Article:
“I wanted to farm but I didn’t want to leave the city,” he said.

Mr. Flanner was lucky to find an environmentally aware company — Broadway Stages, a stage and lighting company — that wanted a green roof on one of its buildings. It paid to prepare the roof for planting and agreed to let him grow food on it. Mr. Flanner and his partner, Annie Novak, did the planting and will be able to keep all the profits from their organic vegetables.

“People are knocking on my door to buy the stuff,” he said. Andrew Tarlow, a partner in four nearby restaurants, including Marlow & Sons, has agreed to buy anything Mr. Flanner grows.

The roof cost $6,000 to prepare, according to Lisa Goode, who with her husband, Chris, owns Goode Green, a company that designs edible roof gardens. There are at least 1,000 seedlings planted in 16 beds, each about 60 feet long.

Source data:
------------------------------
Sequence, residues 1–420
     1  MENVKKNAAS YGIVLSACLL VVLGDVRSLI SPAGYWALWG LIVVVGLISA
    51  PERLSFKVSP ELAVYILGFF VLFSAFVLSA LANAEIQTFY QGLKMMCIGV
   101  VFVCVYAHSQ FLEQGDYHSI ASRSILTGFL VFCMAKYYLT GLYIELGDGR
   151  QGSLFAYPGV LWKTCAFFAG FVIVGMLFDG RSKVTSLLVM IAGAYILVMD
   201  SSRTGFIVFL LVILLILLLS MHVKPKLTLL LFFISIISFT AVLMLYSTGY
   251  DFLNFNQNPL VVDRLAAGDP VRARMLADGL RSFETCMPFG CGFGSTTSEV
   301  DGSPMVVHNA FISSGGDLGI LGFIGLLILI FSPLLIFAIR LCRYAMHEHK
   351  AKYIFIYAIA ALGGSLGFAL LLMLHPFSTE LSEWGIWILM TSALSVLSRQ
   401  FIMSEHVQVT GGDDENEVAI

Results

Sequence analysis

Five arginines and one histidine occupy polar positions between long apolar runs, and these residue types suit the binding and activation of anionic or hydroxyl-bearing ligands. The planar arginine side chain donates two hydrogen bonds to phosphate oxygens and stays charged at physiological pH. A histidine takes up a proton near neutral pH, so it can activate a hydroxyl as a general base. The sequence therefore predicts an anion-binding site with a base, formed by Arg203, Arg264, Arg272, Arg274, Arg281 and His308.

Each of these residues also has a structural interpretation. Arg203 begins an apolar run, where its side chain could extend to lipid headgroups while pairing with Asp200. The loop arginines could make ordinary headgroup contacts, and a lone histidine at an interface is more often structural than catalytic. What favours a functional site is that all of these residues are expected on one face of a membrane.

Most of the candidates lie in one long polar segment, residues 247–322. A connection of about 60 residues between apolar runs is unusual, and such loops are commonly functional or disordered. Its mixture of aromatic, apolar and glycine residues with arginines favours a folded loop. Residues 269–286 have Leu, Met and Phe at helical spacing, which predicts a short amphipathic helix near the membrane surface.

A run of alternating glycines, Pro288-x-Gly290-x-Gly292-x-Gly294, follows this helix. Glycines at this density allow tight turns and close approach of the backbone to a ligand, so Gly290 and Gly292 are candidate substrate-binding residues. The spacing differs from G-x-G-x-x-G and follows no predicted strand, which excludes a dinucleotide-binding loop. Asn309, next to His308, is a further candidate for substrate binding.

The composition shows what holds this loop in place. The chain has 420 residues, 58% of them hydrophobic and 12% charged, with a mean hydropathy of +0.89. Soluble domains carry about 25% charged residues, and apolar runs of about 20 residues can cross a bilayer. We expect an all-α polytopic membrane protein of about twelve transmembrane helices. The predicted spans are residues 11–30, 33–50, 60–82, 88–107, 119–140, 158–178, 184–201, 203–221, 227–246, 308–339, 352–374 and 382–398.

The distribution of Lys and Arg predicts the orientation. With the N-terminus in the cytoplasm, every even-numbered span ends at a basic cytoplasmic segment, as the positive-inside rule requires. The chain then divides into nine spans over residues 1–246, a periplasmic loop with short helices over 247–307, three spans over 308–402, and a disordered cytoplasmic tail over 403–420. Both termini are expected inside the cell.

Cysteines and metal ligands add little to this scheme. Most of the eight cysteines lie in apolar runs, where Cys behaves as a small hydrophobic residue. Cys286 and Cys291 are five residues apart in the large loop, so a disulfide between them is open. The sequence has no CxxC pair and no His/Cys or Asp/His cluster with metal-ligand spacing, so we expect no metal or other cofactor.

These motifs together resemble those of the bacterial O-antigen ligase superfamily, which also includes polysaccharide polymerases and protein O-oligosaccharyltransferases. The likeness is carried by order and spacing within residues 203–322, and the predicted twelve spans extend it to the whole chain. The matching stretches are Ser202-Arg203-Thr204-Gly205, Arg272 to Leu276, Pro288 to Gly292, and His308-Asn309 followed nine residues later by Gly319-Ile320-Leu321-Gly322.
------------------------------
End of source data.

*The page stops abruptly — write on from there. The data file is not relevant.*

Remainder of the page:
“A smaller roof would cost more per square foot,” she said. Mr. Flanner’s costs for the garden itself were less than $2,000, but Ms. Goode said it will take more than one roof for him to make a living.

“This is sort of a pilot to see if it can become a viable business model because he isn’t going to make any money from this,” she said. “If we can get the owner to do more roofs, he can then make a profit.”

Not long ago, edible rooftop gardeners were less likely to be thinking about sustainable food systems or the environment.

Lee Utterbach wanted to recapture summers on his grandmother’s farm. But there was no land around his house in the Mission district of San Francisco. So when he bought the building where he lives and runs a photo equipment rental shop, he turned the roof into a vegetable and flower garden. Since the roof slopes, all the planting was done along its perimeter. Some of it, like the rosemary, is so well established, it hangs over the front of the building.